We (Annelies Moors and others) are starting a small, new research project ‘No escape: an auto-ethnography of the securitization of academic research’ In this project we analyze how our article ‘Chatting about marriage with migrants to Syria’, that focused on marriage and was explicitly written to turn away from the security and radicalization frame, was, nonetheless, not able to escape such framing. Starting with an analysis of the reception of our publication we soon discovered that we needed to take two aspects of our work far more seriously than we had expected, that is the public views on authorship and academic discipline.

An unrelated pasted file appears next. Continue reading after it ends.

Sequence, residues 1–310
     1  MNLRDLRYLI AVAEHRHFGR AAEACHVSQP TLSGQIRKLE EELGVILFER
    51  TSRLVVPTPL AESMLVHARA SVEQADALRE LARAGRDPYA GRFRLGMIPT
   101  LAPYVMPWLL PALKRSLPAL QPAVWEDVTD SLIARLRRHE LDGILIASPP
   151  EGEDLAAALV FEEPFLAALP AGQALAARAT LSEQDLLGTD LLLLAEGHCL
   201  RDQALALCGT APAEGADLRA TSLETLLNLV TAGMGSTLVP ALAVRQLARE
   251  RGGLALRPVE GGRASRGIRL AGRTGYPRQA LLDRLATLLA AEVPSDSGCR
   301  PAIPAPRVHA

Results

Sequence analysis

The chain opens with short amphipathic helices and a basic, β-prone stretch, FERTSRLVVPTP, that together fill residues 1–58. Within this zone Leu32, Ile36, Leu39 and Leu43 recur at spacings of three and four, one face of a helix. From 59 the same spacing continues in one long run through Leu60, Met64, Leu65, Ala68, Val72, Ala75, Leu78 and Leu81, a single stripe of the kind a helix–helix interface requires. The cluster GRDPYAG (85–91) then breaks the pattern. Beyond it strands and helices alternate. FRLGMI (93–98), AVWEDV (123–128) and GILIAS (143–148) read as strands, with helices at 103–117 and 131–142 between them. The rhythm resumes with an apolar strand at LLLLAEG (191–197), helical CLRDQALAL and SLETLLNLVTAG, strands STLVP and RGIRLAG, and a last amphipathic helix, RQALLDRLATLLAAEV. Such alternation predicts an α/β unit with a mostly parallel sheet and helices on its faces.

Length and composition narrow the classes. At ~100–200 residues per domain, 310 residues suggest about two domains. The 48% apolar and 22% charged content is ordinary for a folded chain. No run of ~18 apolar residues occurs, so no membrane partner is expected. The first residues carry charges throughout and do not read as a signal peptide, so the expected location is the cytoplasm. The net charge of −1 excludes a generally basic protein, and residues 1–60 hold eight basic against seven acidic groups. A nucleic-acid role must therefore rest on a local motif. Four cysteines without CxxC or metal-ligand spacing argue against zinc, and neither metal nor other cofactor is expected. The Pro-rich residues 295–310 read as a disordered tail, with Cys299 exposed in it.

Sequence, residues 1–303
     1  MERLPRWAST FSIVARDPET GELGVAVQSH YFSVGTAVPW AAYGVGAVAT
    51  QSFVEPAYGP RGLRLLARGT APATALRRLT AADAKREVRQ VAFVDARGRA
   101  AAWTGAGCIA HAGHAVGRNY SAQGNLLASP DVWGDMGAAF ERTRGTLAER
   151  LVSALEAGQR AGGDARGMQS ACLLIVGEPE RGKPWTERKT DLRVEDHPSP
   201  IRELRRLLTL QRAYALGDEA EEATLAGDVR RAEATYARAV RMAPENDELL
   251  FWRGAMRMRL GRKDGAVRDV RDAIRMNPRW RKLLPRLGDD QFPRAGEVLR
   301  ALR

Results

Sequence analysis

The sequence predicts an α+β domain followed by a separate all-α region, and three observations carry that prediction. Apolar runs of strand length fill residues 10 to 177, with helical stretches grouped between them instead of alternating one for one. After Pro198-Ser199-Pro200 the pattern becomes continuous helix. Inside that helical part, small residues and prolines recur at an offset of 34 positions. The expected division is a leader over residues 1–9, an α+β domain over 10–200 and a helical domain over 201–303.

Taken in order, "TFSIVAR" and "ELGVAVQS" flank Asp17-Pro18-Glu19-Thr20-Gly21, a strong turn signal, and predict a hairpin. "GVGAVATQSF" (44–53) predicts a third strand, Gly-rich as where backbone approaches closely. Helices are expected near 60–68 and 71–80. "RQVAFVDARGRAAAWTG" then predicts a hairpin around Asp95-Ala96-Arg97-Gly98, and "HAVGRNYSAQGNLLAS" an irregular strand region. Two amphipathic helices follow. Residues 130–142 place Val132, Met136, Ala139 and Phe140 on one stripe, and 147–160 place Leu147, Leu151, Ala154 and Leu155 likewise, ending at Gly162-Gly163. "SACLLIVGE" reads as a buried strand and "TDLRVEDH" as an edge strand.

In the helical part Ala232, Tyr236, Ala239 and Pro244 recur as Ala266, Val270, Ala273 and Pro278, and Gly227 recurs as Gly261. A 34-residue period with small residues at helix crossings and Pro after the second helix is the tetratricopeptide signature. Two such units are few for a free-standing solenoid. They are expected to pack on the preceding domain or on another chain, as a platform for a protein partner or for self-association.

Starting with an overview of how particular forms of unconventional Muslims marriages have come to be problematized both in the global North and South, the main focus of ‘Problematizing “Muslim marriages”: Ambiguities and Contestations’ is on concluding marriages as a social process and practice. What kinds of more or less controversial marriage forms and wedding celebration are emerging, who are participating in them, and how are they performed? Particular attention is paid to the intersections of gender and religion, and whether and how new, unconventional marriage forms are authenticated, authorized or contested as Muslim marriages. The wider question this project addresses is what economic, political, religious and cultural work these new Muslim marriages do.